Rivers of London by Ben Aaronovitch is published by Gollancz in the UK and Del Ray in the USA (who have bizarrely re-titled it Midnight Riot). I read the UK hardback version, with its utterly glorious cover, complete with luscious London map made of words and a cheeky blood stain.
Peter Grant is a probationary constable faced with spending the rest of his career in the Case Progression Unit to do the paperwork so the ‘real coppers don’t have to’. Fortunately for him, whilst standing watch at the site of a gruesome murder in London’s Covent Garden, he takes a statement from the only witness available; the ghost of Nicholas Wallpenny.
From that moment on Peter’s eyes are open to a brand new world. He joins Chief Inspector Nightingale, the last remaining wizard in England, to become his apprentice and Detective Constable. Together they form a very special unit of the London Metropolitan Police Service, aka ‘the Filth’, that’s kept firmly under wraps. Peter moves into the Folly, Nightingale’s mostly empty mansion (‘mostly’ because there’s a Molly slithering around in there somewhere) to begin his training.
He’s soon learning the basic steps of magic alongside investigating the freakishly similar murders that keep cropping up around the city. Although, it soon becomes apparent that the murderers are as much a victim of the wave of anger and despair that warps their features and drives them, as the bodies they leave strewn all over London.
On top of all that, there are the vampires and the warring god and goddess of the Thames to contend with, not to mention the distractions that the luscious personification of a river, Beverly Brook, and the incredibly perky WPC Lesley May provide Peter with.
This is probably best described as Urban Fantasy, being city-based and about the supernatural, but this particular novel is more centred on police, ghosts and folklore. The policing aspects of it in particular make Rivers of London a credible thriller as well as an Urban Fantasy, especially due to the level of detail involved.
As I possess a peculiarly specific taste in Urban Fantasy (Jim Butcher), which I mentioned in an earlier post, on the surface this novel ticks all the right boxes for me: set in a city, preferably Chicago or London: TICK. The police are involved in investigating supernatural crimes: TICK. And keeping them quiet from the public: TICK. Magic is needed to solve murders: TICK. It involves wizards: TICK. Vampires: TICK. Gods: TICK. And, bonus ticks for the unexpected yet delightful addition of Londoners turning into violent mannequins: TICK. (I feel you may need a reminder of why there's a ticking system.)
That was in theory at least. So I was, of course, delighted to discover it had all of those things it promised to deliver, and more. More because the characters are wonderful. I really got on well with the lead, Peter Grant, who was slightly whiney, but also thoroughly sympathetic, and wonderfully funny (and very ready believe in magic). Almost like Moss in the IT Crowd (who Peter firmly is, in my mind at least). Aaronovitch drip feeds enough of a back story about his character’s upbringing to enable the reader to understand the character’s motivations and worldly view, without it being a sob story.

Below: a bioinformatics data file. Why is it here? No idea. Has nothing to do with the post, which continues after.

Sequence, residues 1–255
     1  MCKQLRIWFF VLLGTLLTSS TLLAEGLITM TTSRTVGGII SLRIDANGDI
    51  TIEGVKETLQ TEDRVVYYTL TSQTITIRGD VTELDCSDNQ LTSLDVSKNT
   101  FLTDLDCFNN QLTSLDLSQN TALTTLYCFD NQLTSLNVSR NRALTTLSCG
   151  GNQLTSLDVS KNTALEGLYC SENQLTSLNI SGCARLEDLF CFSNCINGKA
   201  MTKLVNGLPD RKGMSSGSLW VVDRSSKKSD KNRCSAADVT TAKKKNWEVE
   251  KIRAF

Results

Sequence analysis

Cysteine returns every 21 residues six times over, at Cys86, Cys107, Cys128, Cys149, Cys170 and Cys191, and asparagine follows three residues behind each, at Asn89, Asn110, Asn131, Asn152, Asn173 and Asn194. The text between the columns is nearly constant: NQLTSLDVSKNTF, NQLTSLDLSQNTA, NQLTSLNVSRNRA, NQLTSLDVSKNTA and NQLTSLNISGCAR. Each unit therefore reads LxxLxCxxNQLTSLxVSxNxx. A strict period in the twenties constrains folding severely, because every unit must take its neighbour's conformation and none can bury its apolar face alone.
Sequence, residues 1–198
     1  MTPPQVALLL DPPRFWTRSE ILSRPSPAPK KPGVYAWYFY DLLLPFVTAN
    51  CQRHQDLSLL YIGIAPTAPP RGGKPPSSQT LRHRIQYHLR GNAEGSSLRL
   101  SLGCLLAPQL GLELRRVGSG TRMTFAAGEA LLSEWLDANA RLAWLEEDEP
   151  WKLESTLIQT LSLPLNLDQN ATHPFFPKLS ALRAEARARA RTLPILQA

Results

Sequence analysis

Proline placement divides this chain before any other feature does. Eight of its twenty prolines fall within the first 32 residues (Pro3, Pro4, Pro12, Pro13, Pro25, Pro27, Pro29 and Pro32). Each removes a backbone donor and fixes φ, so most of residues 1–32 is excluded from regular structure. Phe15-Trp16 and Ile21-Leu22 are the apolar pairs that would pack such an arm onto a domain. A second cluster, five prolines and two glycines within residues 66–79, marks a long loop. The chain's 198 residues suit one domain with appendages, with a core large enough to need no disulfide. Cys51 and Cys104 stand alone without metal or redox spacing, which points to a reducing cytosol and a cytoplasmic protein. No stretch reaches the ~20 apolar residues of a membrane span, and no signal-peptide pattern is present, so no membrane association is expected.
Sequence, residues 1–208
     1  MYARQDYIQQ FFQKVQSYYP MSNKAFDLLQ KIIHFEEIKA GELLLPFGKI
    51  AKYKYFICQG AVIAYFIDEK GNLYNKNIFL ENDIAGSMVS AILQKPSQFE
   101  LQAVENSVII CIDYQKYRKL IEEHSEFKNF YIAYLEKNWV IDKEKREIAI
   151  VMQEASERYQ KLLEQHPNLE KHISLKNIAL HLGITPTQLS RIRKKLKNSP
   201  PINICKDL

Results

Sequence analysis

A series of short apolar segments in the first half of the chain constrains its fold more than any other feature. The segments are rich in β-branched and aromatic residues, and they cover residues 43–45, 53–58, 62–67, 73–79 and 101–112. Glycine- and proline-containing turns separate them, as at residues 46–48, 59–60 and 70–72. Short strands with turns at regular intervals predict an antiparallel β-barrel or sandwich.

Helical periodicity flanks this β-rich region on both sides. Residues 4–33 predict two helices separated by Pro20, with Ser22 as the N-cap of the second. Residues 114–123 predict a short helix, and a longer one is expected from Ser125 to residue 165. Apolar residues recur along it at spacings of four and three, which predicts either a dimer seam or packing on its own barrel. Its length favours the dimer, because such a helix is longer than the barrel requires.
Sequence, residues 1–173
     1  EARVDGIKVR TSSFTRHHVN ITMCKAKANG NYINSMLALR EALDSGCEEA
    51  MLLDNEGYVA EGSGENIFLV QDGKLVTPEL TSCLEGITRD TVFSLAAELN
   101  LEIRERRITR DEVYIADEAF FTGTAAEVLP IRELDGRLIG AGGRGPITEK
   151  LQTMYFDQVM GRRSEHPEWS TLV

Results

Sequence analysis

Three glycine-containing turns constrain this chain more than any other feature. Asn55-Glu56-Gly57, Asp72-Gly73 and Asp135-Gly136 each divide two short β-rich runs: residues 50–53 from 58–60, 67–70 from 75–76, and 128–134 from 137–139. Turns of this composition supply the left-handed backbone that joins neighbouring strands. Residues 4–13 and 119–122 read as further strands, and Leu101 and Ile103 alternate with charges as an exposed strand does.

While through the first person narrative you really came to know and love Peter (important, that), there is always the risk of the one viewpoint leaving other characters in the lurch. It would have been great to have gotten to know some of the other characters further. Beverly Brook, Lesley May and Nightingale all would have benefited from further examining, but this is only the first book of hopefully many, so there is always time for that. The snippets of characterisation you receive through the medium of Peter are enough to satiate you, whilst leaving you wanting a sequel to learn more.
Like all excruciatingly good Urban Fantasies, the city has to be as much of a character as any of the others, and Aaronovitch ensures that London ain’t no bit part. The city heaves off the page in all of her cobbled, crowded, violent glory. The author’s love of this city pours from the pages in the descriptions of the streets, landmarks, rivers (naturally), folklore and its spirit. Despite the reverence, Aaronovitch isn’t afraid to get London’s hands dirty. Whatever nasty is abusing the city is feeding from the spirit of riot and rebellion that’s been breeding in its alleyways for years.
The book has two plots running alongside each other – the main, meatier plot about randomly murderous rages overtaking innocent citizens, and the subplot about the dispute between the self-proclaimed god and goddess of the Thames. While they do neatly weave around each other, at times the subplot seemed to act only as a distraction for the lead from his main case. The two story strands did cross towards the finale, although this had a touch of convenience about it. I did, however, enjoy both of these stories equally on account of them being extremely well written.
Aaronovitch has written for Doctor Who, which always demands a creative mind, and there is certainly one at work here. The personification of lost and current London rivers feels both believable and magical through Aaronovitch’s deft hand. His debut novel is wickedly inventive and, to borrow the cover quote by Charlaine Harris, fresh and original.
The prose is often gently whimsical, but there is also a vividness to his writing. Aaronovitch’s snatches of description when Peter feels a flash of vestigia, magical resonance from a person, animal or place, is written in such a way that the reader feels, smells and sees it too.
Rivers of London is warmly humorous but never shirks from being brutally visceral when it has to be. For the first in a potential series, it’s self-contained with an ending that leaves you at once unsettled and fully satisfied. I thoroughly look forward to its sequel, Moon Over Soho.